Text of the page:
Blog Posts

What Color is My Hijab?

In true Covid-kindergarten fashion, I logged onto my morning meeting zoom from my kitchen table at 8:30 on a Wednesday morning. My class and I were quarantined and therefore spent many a day learning via zoom.

A year ago, the idea of teaching while quarantined from my kitchen table was completely overwhelming and seemed impossible. It’s been a year of learning and growing and it’s almost unbelievable that my learners this year don’t know school in any other way.

On this particular day, I had pulled “What Color is My Hijab?” by Hudda Ibrahim. It’s one we have read multiple times this year; at the beginning of the year to talk about colors, later in the year to talk about jobs, and now we were talking about characteristics of people and how they may exhibit these characteristics. I love the multi-dimensionality of this book.

When I was ready to start reading, I had 4 white boys logged into my zoom. I was excited to read this book to my kids knowing they’d be at home because I wanted my Muslim families to hear this book too. I wanted them to see that they are part of what we do, that they matter, that they are valued. I wanted my little Muslim girls to hear this book again, to feel those things too.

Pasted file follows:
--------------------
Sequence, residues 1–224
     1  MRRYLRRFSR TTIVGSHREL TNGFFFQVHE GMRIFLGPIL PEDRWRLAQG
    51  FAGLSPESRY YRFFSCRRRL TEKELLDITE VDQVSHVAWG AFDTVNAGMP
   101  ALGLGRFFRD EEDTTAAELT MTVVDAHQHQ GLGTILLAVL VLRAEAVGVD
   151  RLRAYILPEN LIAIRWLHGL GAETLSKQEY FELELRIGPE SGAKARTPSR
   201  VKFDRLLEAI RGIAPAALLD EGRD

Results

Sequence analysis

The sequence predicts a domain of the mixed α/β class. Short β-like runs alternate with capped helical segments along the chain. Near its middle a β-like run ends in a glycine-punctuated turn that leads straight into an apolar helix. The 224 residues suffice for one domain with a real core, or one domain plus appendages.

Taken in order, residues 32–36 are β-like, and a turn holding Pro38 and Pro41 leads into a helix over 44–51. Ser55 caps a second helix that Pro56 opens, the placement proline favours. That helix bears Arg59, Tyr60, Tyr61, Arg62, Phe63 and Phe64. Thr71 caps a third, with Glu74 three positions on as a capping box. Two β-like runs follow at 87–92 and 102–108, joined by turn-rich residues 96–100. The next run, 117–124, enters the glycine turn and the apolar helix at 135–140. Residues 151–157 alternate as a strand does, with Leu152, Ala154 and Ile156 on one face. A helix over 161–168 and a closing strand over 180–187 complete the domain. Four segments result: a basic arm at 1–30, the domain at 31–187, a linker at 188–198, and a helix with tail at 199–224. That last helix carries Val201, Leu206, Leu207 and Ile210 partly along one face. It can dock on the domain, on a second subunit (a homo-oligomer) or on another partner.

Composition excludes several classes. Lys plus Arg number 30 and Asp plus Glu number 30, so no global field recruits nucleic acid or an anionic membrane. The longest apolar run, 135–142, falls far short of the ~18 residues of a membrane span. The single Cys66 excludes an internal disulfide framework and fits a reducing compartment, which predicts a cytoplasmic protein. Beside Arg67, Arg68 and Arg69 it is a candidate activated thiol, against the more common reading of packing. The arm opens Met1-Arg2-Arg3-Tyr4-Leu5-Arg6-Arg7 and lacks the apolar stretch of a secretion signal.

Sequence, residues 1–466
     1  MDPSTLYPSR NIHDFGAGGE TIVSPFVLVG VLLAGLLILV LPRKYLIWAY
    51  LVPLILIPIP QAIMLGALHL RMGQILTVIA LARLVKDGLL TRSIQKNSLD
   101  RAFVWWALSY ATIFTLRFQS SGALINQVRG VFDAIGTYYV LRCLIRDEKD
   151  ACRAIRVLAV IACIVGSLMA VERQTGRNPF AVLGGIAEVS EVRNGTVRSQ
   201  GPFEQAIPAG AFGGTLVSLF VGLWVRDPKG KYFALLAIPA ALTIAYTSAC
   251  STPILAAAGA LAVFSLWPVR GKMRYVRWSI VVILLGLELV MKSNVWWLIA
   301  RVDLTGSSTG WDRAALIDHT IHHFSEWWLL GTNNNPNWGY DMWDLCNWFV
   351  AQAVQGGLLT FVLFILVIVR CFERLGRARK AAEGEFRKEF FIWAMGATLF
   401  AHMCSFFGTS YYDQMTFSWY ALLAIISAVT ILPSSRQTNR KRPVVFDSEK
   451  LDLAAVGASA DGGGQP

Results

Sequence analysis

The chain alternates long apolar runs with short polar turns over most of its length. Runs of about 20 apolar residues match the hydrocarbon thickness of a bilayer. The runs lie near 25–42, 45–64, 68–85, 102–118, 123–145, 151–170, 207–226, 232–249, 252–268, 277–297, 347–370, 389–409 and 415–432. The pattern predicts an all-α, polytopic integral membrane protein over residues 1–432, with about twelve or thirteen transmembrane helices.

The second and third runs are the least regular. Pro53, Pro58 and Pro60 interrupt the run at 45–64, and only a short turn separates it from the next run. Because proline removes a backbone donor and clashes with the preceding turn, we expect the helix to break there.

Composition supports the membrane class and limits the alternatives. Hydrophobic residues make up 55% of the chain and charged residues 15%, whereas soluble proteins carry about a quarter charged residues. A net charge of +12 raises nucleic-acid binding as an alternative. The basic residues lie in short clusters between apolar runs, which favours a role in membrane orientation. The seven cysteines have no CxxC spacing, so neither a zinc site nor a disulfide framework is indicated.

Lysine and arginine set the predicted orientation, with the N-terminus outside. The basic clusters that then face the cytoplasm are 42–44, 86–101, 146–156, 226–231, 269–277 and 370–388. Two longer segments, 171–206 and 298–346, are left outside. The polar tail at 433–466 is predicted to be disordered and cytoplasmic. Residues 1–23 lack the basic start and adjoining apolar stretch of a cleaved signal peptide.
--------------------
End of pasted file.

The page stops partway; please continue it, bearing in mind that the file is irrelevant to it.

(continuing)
For a split second, I debated pulling another book from my pile, but the intentional learning and work I’ve been doing for the last couple of years kicked in and made me realize that this book was even more critical for my current audience.

So off we went, reading and thinking, talking and connecting. As time went on, more students joined, and the audience for this book grew. My learners and their families were in this book with us, doing the work together.

At the end, as we were processing, my boys (and the others) talked about their favorite colors. They talked about the jobs and characteristics they learned about. They talked about what they might want to try and why. And you know what? My five year olds didn’t spend a second identifying that any of the people in this book wore hijabs or were girls. They didn’t think anything was different, to them, it was just a “typical” read aloud Miss Masse chose.

I have always felt it’s critical to have my learners represented in the books we are reading. With the events of the last couple of years, this has become a significant focus for so many people. My hope is that in these small moments, where seeing a woman in a hijab as a doctor, an athlete, a model, a politician, is normal to a child, we are growing a generation of justice seekers, advocates, and allies.

Leave a Reply